‘Big chance of further QE and rate cut from ECB, EURUSD could continue sell-off to 1.04-1.02’ – Nenad Kerkez, Admiral Markets

4 min read
Nenad Kerkez

Nenad Kerkez

Head of Trading

The interview made by Fxstreet on 30.NOV.2015

read the original article on Fxstreet.com



So we’re here: December 2015. ECB and Fed about to have decisive monetary policy meetings. Which meeting do you expect to be the bigger one for the FX market?

It is a rhetorical question. Both policy meetings are important because we need to look for either a convergence or divergence in their respective monetary policies. A higher divergence between Fed’s and ECB’s monetary policies will induce new dollar strength. If we watch the bond market, it has anticipated more QE from ECB so it is helping to counterweight selling pressure which has been induced by expectations of Fed tightening. We have a week with two key Central Bank events and there will be a huge volatility. Expectations are high (ECB with further easing, FED with a rate hike), but the risk remains if market fails to deliver the expectations.

Do you expect next NFP report to trigger wild volatility as the last one did?

Only if the deviation from forecast and actual result is high. Unemployment rate is expected to show no discrepancy between forecast vs actual (5.0 % vs 5.0 %) while NFP is expected to drop from 271k (non-revised) to 201k. Traders should not pay attention only to NFP data but also to Unemployment rate which is released at the same time with NFP.

That said. What kind of action do you expect this month on the EURUSD?

In my opinion, there is a big chance that ECB will announce further QE at its next meeting along with a rate cut. That is solely MY opinion. I am not sure whether they will cut the rates for 10bp or 20bp but there is a possibility they might do it. Earlier last week Reuters reported that ECB officials were considering options to stagger charges on banks hoarding cash. The inflation is low, EU zone recovery is stagnant, EM (Emerging Markets) are slowing down and ECB should take action.

If the ECB and FED policy continue to diverge further I expect EURUSD to continue with a sell off towards 1.0400-1.0200. Sell on rallies should be the option then.

This week there is also scheduled a RBA meeting. What do you expect from the AUDUSD considering its late consolidation between 0.70 and 0.74?

The Australian bond market is currently pricing no rate change by the RBA, and this makes sense as the RBA wait cautiously to see whether the US Fed decide to hike rates in the middle of December. The US bond market is almost pricing a 25bps rise, and this is largely due to the US now reaching full employment. I expect the AUDUSD to continue to range between 0.70 and 0.74 until the next FOMC meeting, where the rate decision could cause this market to move once again. Should FOMC decide to hike rates in the US, expect the AUDUSD to drop towards 0.6850-0.6700 and should FOMC decide not to change rates, then expect the AUDUSD to continue to range (or increase, towards 0.75)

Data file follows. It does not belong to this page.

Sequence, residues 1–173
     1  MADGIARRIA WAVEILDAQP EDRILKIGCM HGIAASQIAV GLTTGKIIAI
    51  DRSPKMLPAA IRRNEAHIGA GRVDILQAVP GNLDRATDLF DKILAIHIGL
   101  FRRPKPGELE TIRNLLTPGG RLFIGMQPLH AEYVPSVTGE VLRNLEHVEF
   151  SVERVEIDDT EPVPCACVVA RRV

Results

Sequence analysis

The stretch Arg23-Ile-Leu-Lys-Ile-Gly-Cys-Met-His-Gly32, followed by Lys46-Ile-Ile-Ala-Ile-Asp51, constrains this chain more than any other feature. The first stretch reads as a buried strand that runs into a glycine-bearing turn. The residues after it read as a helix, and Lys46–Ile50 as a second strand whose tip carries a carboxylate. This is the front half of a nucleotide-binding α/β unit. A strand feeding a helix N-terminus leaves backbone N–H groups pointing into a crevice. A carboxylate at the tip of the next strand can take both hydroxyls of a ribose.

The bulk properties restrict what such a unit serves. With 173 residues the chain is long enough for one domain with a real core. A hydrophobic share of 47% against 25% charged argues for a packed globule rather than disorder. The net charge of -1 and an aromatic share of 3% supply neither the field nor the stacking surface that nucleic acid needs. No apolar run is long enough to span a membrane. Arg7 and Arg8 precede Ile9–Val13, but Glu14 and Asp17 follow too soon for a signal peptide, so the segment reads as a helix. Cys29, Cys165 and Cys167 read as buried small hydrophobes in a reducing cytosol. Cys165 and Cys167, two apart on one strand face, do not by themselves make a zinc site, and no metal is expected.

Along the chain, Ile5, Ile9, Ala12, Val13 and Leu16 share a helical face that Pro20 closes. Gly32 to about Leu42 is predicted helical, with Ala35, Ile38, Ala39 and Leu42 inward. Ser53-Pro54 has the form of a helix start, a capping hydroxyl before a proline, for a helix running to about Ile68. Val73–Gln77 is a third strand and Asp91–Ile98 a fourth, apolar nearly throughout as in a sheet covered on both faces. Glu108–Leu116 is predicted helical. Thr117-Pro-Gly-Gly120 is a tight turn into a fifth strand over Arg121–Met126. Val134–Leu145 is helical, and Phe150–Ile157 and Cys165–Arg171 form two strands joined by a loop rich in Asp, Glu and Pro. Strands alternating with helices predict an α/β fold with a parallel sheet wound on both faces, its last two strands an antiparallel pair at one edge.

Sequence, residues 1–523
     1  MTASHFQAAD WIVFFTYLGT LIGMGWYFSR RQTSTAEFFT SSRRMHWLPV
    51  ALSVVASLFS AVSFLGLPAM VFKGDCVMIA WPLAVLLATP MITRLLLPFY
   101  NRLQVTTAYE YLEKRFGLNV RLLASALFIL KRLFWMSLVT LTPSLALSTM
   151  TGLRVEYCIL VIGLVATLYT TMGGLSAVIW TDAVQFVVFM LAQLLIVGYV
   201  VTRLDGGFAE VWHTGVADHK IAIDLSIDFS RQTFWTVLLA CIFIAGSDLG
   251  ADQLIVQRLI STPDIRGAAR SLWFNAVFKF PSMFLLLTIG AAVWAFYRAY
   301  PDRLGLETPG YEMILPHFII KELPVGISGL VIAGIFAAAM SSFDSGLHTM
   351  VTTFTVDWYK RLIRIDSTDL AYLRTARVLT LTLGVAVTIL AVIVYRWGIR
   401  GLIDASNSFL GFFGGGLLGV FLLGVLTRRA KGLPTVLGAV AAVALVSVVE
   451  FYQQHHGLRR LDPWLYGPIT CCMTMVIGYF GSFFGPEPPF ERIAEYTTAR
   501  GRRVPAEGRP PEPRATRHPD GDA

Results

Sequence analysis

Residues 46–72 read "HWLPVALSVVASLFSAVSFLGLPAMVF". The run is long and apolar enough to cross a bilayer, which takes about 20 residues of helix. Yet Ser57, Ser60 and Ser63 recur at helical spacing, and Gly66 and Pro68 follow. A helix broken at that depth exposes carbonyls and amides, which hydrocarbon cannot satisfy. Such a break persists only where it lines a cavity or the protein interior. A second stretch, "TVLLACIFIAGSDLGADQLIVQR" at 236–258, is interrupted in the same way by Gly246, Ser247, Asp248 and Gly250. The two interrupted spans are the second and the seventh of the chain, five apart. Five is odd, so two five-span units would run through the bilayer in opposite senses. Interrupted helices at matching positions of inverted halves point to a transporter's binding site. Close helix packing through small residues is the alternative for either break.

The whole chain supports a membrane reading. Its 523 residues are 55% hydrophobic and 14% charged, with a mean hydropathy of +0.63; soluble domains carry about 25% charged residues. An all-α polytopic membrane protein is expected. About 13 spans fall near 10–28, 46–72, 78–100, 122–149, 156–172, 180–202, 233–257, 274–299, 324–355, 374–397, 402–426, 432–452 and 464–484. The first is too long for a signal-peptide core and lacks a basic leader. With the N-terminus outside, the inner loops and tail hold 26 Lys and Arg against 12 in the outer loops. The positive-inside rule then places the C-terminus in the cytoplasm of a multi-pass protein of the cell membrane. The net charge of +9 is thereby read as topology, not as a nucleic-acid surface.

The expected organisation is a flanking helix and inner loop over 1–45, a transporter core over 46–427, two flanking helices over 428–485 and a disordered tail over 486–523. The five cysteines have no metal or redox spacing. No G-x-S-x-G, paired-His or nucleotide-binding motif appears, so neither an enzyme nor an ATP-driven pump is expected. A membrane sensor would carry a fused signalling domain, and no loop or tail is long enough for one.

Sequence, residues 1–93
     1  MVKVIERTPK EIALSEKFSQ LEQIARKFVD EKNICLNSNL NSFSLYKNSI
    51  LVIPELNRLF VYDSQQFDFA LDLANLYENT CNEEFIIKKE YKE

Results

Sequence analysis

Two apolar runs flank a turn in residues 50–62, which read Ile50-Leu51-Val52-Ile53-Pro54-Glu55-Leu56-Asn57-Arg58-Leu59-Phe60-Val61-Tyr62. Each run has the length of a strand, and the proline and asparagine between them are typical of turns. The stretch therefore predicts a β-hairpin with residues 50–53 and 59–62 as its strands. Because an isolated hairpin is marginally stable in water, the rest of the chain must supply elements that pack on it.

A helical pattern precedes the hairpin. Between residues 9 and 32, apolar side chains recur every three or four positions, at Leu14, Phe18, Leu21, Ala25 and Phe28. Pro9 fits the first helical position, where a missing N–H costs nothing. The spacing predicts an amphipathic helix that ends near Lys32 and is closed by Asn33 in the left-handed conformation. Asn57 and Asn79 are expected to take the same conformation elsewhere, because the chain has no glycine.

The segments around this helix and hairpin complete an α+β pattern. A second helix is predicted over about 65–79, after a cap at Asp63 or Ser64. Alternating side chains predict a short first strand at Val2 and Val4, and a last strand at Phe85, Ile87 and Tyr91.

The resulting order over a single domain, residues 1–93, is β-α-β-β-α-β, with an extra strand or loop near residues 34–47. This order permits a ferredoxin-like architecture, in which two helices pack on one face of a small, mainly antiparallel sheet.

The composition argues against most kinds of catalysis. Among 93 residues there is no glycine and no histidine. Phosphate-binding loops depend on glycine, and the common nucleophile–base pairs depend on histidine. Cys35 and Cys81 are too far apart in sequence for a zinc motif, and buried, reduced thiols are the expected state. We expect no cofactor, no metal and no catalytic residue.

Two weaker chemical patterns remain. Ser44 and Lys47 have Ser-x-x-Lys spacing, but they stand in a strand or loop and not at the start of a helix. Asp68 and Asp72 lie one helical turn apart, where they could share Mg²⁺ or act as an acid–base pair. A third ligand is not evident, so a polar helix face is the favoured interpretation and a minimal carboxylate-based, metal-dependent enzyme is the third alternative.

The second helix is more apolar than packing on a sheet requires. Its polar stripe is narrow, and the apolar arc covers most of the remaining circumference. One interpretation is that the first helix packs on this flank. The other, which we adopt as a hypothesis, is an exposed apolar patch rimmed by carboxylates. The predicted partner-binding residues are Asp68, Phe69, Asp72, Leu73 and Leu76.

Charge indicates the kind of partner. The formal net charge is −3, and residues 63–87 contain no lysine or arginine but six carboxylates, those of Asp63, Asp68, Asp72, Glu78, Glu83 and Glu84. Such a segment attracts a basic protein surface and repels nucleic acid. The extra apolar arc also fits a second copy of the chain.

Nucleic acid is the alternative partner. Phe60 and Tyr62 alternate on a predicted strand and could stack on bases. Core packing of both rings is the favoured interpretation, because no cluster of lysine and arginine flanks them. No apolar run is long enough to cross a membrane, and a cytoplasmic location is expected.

Can the war against ISIS in Syria and Iraq lift the oil prices or would the crude oversupply be able to avoid a rally in the prices even in such situation?

Syria is a small producer of oil, and has small oil reserves in comparison to other nations, so the effect of conflict within Syria is negligible to oil supply and the oil price directly. Nonetheless, instability in the region will add risk to the underlying oil product, which is in abundance in the region. As for Iraq, it is both rich in oil reserves and is one of the largest producers of oil, roughly producing 3.3 million barrels per day, approximately 3% of world supply. OPEC President Edmund Daukoru said that the global oil market is oversupplied by about 2 million barrels per day, so disruptions to Iraq’s oil supplies can influence the short-term oil prices. However, given the current oversupply of oil in the world in the short term, it is unlikely that this will lift the oil prices dramatically. For further information on the current state of play on the oil market, please refer to one of my earlier posts.

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